Take 5 offers a brief introduction to Yale faculty members in a Q&A format. The featured faculty member selects 5 out of 10 questions to answer. Any opinions shared are not necessarily those of YaleNews.
In her teaching and research on Victorian, modern, and contemporary literature, Margaret Homans has explored various questions about gender: Is it, as she writes on her faculty profile page, “the core or essence of any human subject, or is gender mutable and socially and culturally constituted?” A professor of English and of women’s, gender, and sexuality studies, she focuses her work on women writers who explore questions of gender, sexuality, power, and identity. Most recently she has examined narratives about adoption, and the questions these raise in the contexts of race, ethnicity, nationality, and class as well as gender and sexuality. She is a 1974 graduate of Yale College and earned her Ph.D. at the university in 1978.
What scholarly/research project are you working on now?
Having just published my book about adoption narratives, I am now working on three articles prompted by teaching my WGSS and English classes: an essay on how "Jane Eyre" and other 19th-century autobiographical narratives influenced 19th-century feminism; an essay on the idea of diversity, for a new gender studies journal based in Belgium; and an essay on the parallels between transnational adoption and contemporary transgenderism. I think of these as belated term papers for my fall term course, "Feminist and Queer Theory." In the longer term, I am working on a project about World War I, gender, and sexuality.
What important lesson(s) have you learned from your students?
There is no such thing as grade inflation. Yale students are awesome and they get smarter every year. I think, too, that we teachers of literature have become better writing teachers over the last decade, thanks in large part to the superb work of the Writing Center.
What is your most treasured classroom memory — either as a student or a teacher?
As a student: the day, part way through my freshman year at Yale, when the teacher — the late Thomas Weiskel, only a few years older than us students — walked into the classroom asking, what does it mean that Wordsworth says, in “Tintern Abbey,” “the picture OF the mind revives again,” not, “the picture IN the mind”? Retracing his steps after five years, Wordsworth both celebrates and laments his discovery that the memory he has been treasuring is not of this beloved place itself, but rather of his mind in its powerful capacity to form a picture. In one moment, this extraordinary teacher unfolded everything that initially made me want to become an English professor: the economy and honesty of poetry; the fascinating tug and pull in romantic poetry and in Wordsworth in specific between the life of the mind and the life of nature; and the power of close reading that can uncover so much meaning in one preposition. His way of asking the question while walking into the room, too, conveyed his sense of urgency about discussing poetry: though the class would be two hours long, there was not a moment to lose.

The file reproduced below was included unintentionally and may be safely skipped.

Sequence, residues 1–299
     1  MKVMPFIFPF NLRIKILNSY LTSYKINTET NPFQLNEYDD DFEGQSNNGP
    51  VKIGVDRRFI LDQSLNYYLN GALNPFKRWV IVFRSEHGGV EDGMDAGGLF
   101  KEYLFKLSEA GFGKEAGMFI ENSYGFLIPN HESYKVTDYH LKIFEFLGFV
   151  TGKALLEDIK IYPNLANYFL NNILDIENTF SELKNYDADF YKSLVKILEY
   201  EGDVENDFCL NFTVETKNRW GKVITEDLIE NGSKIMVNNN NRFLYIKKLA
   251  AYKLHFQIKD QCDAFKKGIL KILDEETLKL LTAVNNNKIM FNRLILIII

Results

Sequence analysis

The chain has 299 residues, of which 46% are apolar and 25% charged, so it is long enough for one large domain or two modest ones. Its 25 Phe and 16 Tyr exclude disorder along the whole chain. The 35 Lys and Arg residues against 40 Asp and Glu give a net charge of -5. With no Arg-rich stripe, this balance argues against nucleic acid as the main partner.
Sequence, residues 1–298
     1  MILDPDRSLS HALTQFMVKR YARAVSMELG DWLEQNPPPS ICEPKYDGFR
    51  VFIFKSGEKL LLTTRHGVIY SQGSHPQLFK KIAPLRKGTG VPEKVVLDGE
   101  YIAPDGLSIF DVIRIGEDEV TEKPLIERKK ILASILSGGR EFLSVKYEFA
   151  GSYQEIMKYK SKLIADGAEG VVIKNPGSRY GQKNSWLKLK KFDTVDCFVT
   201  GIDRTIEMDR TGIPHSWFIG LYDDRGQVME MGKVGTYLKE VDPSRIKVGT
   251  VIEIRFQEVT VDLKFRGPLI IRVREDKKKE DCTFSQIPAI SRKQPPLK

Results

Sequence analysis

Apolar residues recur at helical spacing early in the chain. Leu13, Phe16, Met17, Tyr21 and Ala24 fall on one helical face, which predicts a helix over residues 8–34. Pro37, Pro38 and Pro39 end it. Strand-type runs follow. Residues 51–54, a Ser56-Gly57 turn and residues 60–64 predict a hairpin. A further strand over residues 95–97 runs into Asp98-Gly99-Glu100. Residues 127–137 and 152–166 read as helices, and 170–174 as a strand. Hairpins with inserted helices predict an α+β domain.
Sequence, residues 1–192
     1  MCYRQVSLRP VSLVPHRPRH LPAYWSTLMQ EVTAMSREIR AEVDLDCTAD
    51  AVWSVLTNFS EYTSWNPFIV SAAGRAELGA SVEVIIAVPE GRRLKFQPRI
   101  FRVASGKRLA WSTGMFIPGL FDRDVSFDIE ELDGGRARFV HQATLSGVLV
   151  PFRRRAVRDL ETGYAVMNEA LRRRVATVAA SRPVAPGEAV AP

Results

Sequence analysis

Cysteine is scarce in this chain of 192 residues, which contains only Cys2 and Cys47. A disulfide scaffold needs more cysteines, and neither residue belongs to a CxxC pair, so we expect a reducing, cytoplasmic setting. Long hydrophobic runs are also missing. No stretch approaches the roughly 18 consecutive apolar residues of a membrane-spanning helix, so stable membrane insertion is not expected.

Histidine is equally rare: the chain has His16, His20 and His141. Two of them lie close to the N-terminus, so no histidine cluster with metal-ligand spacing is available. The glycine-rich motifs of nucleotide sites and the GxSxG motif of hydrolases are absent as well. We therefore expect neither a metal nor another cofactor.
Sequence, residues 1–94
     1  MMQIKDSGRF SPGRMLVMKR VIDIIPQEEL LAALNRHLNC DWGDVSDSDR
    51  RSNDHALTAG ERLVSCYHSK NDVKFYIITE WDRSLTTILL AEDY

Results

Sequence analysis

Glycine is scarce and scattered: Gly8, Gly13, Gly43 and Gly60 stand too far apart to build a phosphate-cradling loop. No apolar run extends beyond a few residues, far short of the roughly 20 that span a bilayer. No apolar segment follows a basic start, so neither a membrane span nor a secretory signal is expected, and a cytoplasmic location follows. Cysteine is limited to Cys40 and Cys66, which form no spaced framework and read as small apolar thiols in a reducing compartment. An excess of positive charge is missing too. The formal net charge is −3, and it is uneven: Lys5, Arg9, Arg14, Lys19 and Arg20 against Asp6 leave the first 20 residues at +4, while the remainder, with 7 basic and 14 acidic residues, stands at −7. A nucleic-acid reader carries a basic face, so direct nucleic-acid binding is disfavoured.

As a teacher: the discovery that I could give to students something that I didn’t even know I was yearning for as an undergraduate in the early 1970s: a feminist education that questions norms of gender and sexuality in literature and culture, starting with the norms of canon formation that governed my own education.
What do you do for fun?
Most entertaining for me is watching my two amazing daughters grow up into interesting, accomplished, and happy people. I have also assigned myself the pleasant task of visiting a new island every year: one year it was an island in Long Island Sound that I kayaked to; last year it was the Faroe Islands in the north Atlantic.
What is your favorite spot on campus?
The inner courtyard of Sterling Library that’s to the right as you go in, especially when the crocuses come up in the spring. It’s like walking into a medieval tapestry.